Tuesday, November 24, 2009

What Did You Miss This Week? (Week 149 #193)

Lights Out!
Joe was ready to move on from classic Little Walter slow blues numbers when he remembered Lights Out. This is a great chromatic tune which features Walter playing a lot of double-time figures over the slow tempo. It is also a good place to hear the difference between Walter's chromatic playing and that of George Smith and the West coast players -- Walter tended to play split four intervals and not the split five octaves. He also did not play the button much other than to sometimes play the whole song with it held in.

This song was recorded in July 1953, and Joe is fairly certain this is the first chromatic blues tune issued. If you are considering buying your first chromatic, Joe suggests the Hohner 280. (transcription)

B1 Baby Born Today - Otis Kiyoshi Naito!!!
Shoji Naito and Laura Schlenker had their baby this morning, November 24! Shoji writes:

"Our baby boy was born this morning at 2:40am. He is 7lb 14oz and very healthy.

We named him "Otis," after the best singer, Otis Redding, the best guitarist, Otis Rush, and the best pianist, Otis Spann. Otis and Laura are both doing fine."

CONGRATULATIONS Laura and Shoji, from all your blues friends!

We continue to rehearse Shoji's four-part arrangement for Silver Bells. This is ensemble playing that everyone should get involved in and play with us at the December 11 Recital. Pick a part you feel you can master and work on it so you have it memorized for the December 11 performance. We will work on this at 8pm every week leading up to the recital. Regardless of the part you choose, Shoji recommends everyone also spend some time learning the melody (Part One). Here's the link to Silver Bells.

Sonny Terry Book Review!
YouMissedMonday reader Jim Jucas shares his review of the book, Sonny Terry Blues Riffs, A Playalong Course For Intermediate Harp Players, written by Ben Hewlett:

"After the Talking Blues Contest, Joe gave me advice for how to improve my talking blues song: 'Go fishing for riffs.' I did a fair amount of "fishing" on the net, and indeed found some good riffs that way. I've been listening to Sonny Terry lately, as per Joe's recommendation to listen to the great masters, so I thought this book would be useful in following up on Joe's advice.

The book is a downloadable pack, which includes a pdf of the sheet music and mp3's of the tracks. You don't get the usual paper and ink book with a cd on the inside cover, but a pdf file on your computer that opens in Adobe Reader (free) software. That is the 'book' or 'sheet music' part, and there are sixty-seven mp3 files that should play automatically on your computer when you click them. Once you checkout, you are directed to a link which downloads the material. The downloading process worked seamlessly. The cost of this format is less than traditional formats, and the charge for it was 9.99 pounds (about $17).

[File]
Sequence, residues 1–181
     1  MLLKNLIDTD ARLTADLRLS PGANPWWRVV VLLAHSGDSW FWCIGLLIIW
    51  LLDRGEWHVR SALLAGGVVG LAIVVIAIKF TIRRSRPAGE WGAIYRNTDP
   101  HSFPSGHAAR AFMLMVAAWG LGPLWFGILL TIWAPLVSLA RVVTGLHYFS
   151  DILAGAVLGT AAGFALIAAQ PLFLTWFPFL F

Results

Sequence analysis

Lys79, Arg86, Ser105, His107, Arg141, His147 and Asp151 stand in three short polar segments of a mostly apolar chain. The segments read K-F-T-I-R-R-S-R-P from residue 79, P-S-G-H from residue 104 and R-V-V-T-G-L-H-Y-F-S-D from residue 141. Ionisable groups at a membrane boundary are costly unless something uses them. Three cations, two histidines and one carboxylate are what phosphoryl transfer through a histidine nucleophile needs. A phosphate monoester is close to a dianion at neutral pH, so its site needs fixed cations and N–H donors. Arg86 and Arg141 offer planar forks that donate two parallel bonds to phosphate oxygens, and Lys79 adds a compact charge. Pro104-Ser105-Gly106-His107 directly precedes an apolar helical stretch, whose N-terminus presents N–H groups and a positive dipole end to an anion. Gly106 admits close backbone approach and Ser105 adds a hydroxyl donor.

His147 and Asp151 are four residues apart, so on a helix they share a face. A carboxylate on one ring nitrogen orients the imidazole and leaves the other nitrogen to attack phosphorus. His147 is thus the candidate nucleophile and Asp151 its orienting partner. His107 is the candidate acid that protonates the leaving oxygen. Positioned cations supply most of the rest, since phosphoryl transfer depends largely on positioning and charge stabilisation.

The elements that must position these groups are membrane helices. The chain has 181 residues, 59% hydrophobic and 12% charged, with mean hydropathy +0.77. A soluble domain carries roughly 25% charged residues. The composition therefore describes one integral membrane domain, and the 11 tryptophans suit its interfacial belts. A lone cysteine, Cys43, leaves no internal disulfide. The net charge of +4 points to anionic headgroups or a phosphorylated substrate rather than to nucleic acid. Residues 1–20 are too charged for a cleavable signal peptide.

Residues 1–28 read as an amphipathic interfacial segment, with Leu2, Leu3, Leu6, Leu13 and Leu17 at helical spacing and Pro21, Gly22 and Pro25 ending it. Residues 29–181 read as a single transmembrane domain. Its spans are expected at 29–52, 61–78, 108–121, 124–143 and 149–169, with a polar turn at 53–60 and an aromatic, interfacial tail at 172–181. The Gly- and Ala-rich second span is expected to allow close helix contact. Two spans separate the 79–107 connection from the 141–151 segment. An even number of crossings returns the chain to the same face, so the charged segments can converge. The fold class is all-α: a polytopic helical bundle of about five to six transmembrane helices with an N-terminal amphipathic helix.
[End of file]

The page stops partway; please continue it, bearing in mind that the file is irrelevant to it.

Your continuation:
You can also, of course, print out the pdf file, and also import the mp3s into iTunes or other software, and from there burn your own cd. In my case, I decided to try to go paperless and cd-less, and see how learning and using the material at my computer would work. After a short while, I found I needed to print the sheet music and burn a cd, so I could examine and listen away from the computer.

The book contains a two page intro that recommends you get in touch with Joe Filisko 'if you want to get deeply immersed in the styles of the early harp players.' This is followed by a two page biography of Sonny Terry and a one page bio of Joe and one page of reviews of the book from Pat Missin, Paul Lamb and Tom Ball. That and the author bios at the end are about all the text there is. The rest of the book is the sheet music of the sixty-seven riffs, written out in standard music notation with a simple and basic harp tab. Occasionally, syllables such as 'ah wah cha-chi-cka wah cha' are suggested above the staff and are given as an aid in figuring out how to match the articulations. Each track contains the riff played with a click/drum background, and in three tempos: fast, slow, and medium. The click track and harp parts are panned so that the click track can be turned down and you can hear the harp more clearly. The tracks also include four play-along backing tracks (in E, D, F, and G) and the fabulous Good Friend cut from the latest Joe Filisko and Eric Noden cd, 'I.C. Special'.

The riffs are based on three of Sonny's songs: Blowing the Blues, Train Whistle Blues, and New Love Blues, all from the album 'Sonny Terry Vol. 1 1938-1945'. I was able to purchase them on Amazon's MP3 Downloads web site. Listening to these songs and then using the book creates an extremely useful tool in learning how to play these riffs.

Ben and Paul are working on a follow-up book of Sonny Terry riffs. To make this terrific resource even more useful, I recommend numbering the tracks to correspond to the number of the riffs. Overall, I found the book and music provide a no-nonsense scaffolding for learning how to play these wonderful riffs."

Available from: www.harmonicaworld.net

Class Notes
  • RECITAL SIGN-UP SHEETS WERE TURNED IN LAST NIGHT! Joe will have a schedule ready next Monday. Rehearse your songs with the band the next two Mondays.
  • Get your tickets now for the next Harmonica Convergence show featuring Joe Filisko, Howard Levy, Corky Siegel and Peter Madcat Ruth at the Old Town School, March 21, 2010. The show will be a tribute to the great harmonica legend, and longtime Steve Miller Band member, Norton Buffalo.
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We welcome your input. If you're inspired to write a review of a live show, CD, DVD or book, please submit it to us for consideration.

- Grant Kessler, B1 Blues Crew